Business Day, 27 March 2017
By Dianna Games
There is a new game in town in Nigeria — whistle-blowing. The cash-strapped government’s latest corruption-fighting campaign has led to the recovery of more than $150m in looted funds in just a few months. This does not include the $9m in cash recently recovered from a former executive of the state petroleum company, the Nigerian National Petroleum Corporation, as a result of a tip-off.
The largest amount recovered — nearly $137m — was found in a commercial bank account where stolen funds were kept under a fake name, according to the government. Other recoveries emanating from tip-offs have also been large, running into millions of dollars. Although just the tip of the iceberg, the successes to date highlight the scale of the problem.
In December 2016, the government of Muhammadu Buhari approved the Whistleblowing Programme and Supporting Policy to boost the fight against corruption. The policy offers whistle-blowers anonymity and 2.5% to 5% of the amount recovered from the information they provide.
Buhari’s campaign was effective in the early days of his administration. His strong anti-graft message made corruption unfashionable in Nigeria. Overt criminality in this regard started going underground and people became fearful of being targeted, not just because of the consequences but because of the associated moral taint.
But as the government tried to fight fires on many fronts, the campaign drifted and few scalps were taken.
The corruption-fighting body itself – the Economic and Financial Crimes Commission – has been criticised for failing to tackle corrupt politicians while being overzealous in its tackling of minor crimes and allegedly being paid by high rollers to focus on their adversaries.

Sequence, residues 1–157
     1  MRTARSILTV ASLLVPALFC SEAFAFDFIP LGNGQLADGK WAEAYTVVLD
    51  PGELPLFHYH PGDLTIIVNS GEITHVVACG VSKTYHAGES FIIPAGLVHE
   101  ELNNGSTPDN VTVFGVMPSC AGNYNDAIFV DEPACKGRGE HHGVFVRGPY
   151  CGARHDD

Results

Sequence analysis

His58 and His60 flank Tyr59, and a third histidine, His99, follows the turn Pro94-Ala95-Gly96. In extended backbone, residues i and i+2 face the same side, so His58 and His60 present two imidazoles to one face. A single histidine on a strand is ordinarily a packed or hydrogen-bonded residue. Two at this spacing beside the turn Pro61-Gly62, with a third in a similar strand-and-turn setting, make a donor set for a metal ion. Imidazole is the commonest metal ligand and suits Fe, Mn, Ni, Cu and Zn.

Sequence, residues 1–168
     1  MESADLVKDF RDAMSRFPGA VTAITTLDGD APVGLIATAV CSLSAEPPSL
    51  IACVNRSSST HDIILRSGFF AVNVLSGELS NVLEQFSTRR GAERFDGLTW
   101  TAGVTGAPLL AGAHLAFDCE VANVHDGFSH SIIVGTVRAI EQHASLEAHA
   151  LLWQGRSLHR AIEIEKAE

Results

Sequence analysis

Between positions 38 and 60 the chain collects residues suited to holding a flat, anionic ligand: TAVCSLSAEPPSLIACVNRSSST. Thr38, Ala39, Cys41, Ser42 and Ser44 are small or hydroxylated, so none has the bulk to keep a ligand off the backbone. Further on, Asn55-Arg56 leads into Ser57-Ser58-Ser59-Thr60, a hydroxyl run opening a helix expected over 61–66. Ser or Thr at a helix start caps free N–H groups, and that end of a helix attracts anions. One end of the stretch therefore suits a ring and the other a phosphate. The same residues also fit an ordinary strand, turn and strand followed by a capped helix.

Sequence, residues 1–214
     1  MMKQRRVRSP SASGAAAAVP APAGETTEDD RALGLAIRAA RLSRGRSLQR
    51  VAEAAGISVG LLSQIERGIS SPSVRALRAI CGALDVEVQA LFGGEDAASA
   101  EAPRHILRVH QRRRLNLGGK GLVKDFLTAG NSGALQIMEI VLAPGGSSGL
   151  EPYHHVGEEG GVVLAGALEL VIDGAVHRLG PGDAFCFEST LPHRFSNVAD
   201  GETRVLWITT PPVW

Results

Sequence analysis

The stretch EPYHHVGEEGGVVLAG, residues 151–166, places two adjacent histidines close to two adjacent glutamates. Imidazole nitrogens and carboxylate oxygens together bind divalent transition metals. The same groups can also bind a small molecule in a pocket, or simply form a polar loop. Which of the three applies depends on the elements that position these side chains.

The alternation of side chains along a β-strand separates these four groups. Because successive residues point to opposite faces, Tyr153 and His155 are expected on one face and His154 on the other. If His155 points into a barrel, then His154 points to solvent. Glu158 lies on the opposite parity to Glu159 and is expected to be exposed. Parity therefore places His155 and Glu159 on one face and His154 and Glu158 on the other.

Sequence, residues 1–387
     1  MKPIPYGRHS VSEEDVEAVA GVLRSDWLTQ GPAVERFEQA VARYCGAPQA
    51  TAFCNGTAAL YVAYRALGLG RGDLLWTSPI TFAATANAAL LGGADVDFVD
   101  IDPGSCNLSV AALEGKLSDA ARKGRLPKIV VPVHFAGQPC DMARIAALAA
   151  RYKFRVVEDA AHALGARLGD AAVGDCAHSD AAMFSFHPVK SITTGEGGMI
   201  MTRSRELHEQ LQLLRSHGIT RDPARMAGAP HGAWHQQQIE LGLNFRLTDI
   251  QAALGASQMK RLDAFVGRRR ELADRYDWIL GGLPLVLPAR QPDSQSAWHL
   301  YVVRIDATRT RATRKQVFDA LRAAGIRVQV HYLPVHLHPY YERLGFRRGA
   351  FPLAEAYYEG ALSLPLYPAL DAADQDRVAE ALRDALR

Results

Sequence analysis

But money talks, and by offering a monetary incentive, the campaign has started moving again. There is little downside. Some people get rich through the incentive payments, but the government repossesses money it is unlikely to find without a deep throat.
Three months into the campaign, the government has received 282 tip-offs, of which 154 were actionable.
They involve many areas of graft, which include contract inflation and conversion of government assets to personal use, ghost workers, payment of unapproved funds, improper reduction on financial penalties, failure to implement projects for which funds have been allocated and embezzlement of donor funds.
This story has many lessons for SA. The insidious corruption creep in Nigeria was overseen and cultivated by successive administrations, overtly and by omission. Its deep reach into the economy has hollowed out the state and undermined inclusive growth. It has become so pervasive that it is proving very difficult to tackle, even with strong political will in place at the highest levels to do so.
SA, under the administration of Jacob Zuma, is heading down this road. It is not too late, yet, to turn this around, but it cannot happen when the state itself is the driver of corruption.
• Games is CEO of business advisory Africa @ Work